I am about to start a career in law soon. Yet I have been informed that most aspects of English law would be haram to practise. What I would like to know is what principles/rules I should take into account when deciding what area to practise. I.e. would I be allowed to defend people accused of crimes (irrespective of their guilt), or when defending rights, would I be able to advocate rights that may be incompatible with Islam but are a part of English law (homosexual rights etc). What I am asking is what ideas/rules do I use to decide what areas would be permissible and which won’t.

I am about to start a career in law soon. Yet I have been informed that most aspects of English law would be haram to practise. What I would like to know is what principles/rules I should take into account when deciding what area to practise. I.e. would I be allowed to defend people accused of crimes (irrespective of their guilt), or when defending rights, would I be able to advocate rights that may be incompatible with Islam but are a part of English law (homosexual rights etc).

What I am asking is what ideas/rules do I use to decide what areas would be permissible and which won’t.

ANSWER

In the name of Allah, Most Compassionate, Most Merciful,




Shaykh Taqi Usmani (may Allah preserve him) has discussed the issue of entering the Law profession in his Fatawa collection titled Contemporary Fatawa. He explains that there are basically three conditions that need to be met in order for a person to take up any job connected to law, advocacy, and legal representation.

1) One’s work should be for a just cause, and not to help defend a person who is guilty of a crime.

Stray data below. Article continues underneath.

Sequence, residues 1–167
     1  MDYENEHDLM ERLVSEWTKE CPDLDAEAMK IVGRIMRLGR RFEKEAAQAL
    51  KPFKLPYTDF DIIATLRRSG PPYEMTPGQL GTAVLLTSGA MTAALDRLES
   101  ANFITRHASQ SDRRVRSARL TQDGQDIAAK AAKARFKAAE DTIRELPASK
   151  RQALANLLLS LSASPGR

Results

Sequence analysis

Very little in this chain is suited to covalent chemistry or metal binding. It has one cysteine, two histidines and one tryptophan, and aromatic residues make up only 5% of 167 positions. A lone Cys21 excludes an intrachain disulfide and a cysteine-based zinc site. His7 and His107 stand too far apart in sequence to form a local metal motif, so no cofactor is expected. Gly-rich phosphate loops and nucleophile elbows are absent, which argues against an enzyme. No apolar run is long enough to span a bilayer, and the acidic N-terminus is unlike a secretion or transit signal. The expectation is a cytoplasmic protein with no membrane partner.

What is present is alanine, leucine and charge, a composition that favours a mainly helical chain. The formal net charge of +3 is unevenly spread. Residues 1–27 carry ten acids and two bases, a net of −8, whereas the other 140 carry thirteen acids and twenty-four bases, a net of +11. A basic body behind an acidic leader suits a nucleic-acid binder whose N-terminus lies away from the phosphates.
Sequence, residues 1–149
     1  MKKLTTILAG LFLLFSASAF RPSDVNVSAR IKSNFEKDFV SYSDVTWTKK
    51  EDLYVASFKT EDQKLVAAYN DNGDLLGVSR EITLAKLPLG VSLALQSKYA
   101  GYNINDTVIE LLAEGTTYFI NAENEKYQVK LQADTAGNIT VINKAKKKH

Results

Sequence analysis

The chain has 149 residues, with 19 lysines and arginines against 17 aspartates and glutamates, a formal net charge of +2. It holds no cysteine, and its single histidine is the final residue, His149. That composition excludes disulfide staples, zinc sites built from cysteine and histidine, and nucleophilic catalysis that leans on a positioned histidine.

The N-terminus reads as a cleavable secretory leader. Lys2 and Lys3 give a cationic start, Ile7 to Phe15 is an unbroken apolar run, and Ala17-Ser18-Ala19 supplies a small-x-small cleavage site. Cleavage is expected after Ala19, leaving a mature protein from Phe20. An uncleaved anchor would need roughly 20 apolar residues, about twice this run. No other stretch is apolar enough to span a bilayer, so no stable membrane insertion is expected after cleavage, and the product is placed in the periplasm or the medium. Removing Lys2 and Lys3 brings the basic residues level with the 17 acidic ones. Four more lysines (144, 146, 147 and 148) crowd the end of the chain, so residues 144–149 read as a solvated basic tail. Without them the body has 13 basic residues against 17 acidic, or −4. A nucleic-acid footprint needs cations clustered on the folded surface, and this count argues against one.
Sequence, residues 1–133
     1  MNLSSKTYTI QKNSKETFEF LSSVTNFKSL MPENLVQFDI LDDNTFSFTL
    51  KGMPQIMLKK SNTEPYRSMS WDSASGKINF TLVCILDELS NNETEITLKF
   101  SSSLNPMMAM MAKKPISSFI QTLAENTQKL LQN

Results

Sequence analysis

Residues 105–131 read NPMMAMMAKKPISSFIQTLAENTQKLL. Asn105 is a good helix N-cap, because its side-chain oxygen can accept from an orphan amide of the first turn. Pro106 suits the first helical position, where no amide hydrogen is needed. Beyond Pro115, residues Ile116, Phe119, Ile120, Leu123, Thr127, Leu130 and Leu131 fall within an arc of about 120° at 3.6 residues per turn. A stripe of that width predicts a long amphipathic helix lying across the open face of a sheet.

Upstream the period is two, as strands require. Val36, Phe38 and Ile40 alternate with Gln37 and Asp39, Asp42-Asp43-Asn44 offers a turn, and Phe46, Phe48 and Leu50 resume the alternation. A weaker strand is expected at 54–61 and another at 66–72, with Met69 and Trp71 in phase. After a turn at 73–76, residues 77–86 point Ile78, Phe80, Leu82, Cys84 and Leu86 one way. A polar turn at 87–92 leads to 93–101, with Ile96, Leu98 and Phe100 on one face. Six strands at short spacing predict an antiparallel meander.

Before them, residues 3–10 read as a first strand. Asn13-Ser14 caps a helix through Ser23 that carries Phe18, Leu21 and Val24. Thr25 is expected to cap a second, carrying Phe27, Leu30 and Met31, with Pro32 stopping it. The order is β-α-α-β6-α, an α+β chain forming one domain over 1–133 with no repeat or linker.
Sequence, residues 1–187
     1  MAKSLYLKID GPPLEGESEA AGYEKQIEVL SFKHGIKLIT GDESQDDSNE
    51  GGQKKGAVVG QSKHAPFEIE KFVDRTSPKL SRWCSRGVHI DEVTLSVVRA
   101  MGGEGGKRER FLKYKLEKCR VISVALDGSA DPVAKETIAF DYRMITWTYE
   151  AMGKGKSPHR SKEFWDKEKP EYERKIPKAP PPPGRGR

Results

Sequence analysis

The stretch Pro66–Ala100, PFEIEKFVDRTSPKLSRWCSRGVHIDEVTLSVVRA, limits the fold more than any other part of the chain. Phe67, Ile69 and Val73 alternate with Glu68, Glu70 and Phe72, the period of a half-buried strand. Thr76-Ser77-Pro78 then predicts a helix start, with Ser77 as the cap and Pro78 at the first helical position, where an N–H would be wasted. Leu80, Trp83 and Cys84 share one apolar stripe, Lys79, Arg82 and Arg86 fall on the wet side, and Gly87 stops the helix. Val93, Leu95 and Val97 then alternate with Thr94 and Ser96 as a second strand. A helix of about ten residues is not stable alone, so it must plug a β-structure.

2) One must not help others gain a right that is prohibited or disapproved by Shariah.

3) The means used in helping a client must not be prohibited in Shariah. (See: Contemporary Fatawa by Mufti Taqi Usmani)

In light of these three conditions, it is not permitted to defend the case of an individual regarding whom one is certain that he is guilty of the crime, such that the client himself admits that he is guilty, or there are clear and obvious evidences that prove his guilt. If one is unsure or in doubt, then it is permitted to go ahead with the case, since one is considered innocent until proven guilty, and there must be sufficient evidence to presume someone to be guilty.

Moreover, when practicing law, one must do so within the limits of Shariah. As such, one is not allowed to advocate rights that are incompatible with Islam, such as recovering interest money and fighting for the rights of homosexual and/or lesbians. One cannot be party to injustice, wrongdoing, corruption, or bribery.

Furthermore, it is not permitted to use any means, whilst helping a client, that are unlawful such as using forged documents, deception, lying and false statements.

And Allah knows best

[Mufti] Muhammad ibn Adam
Darul Iftaa
Leicester , UK

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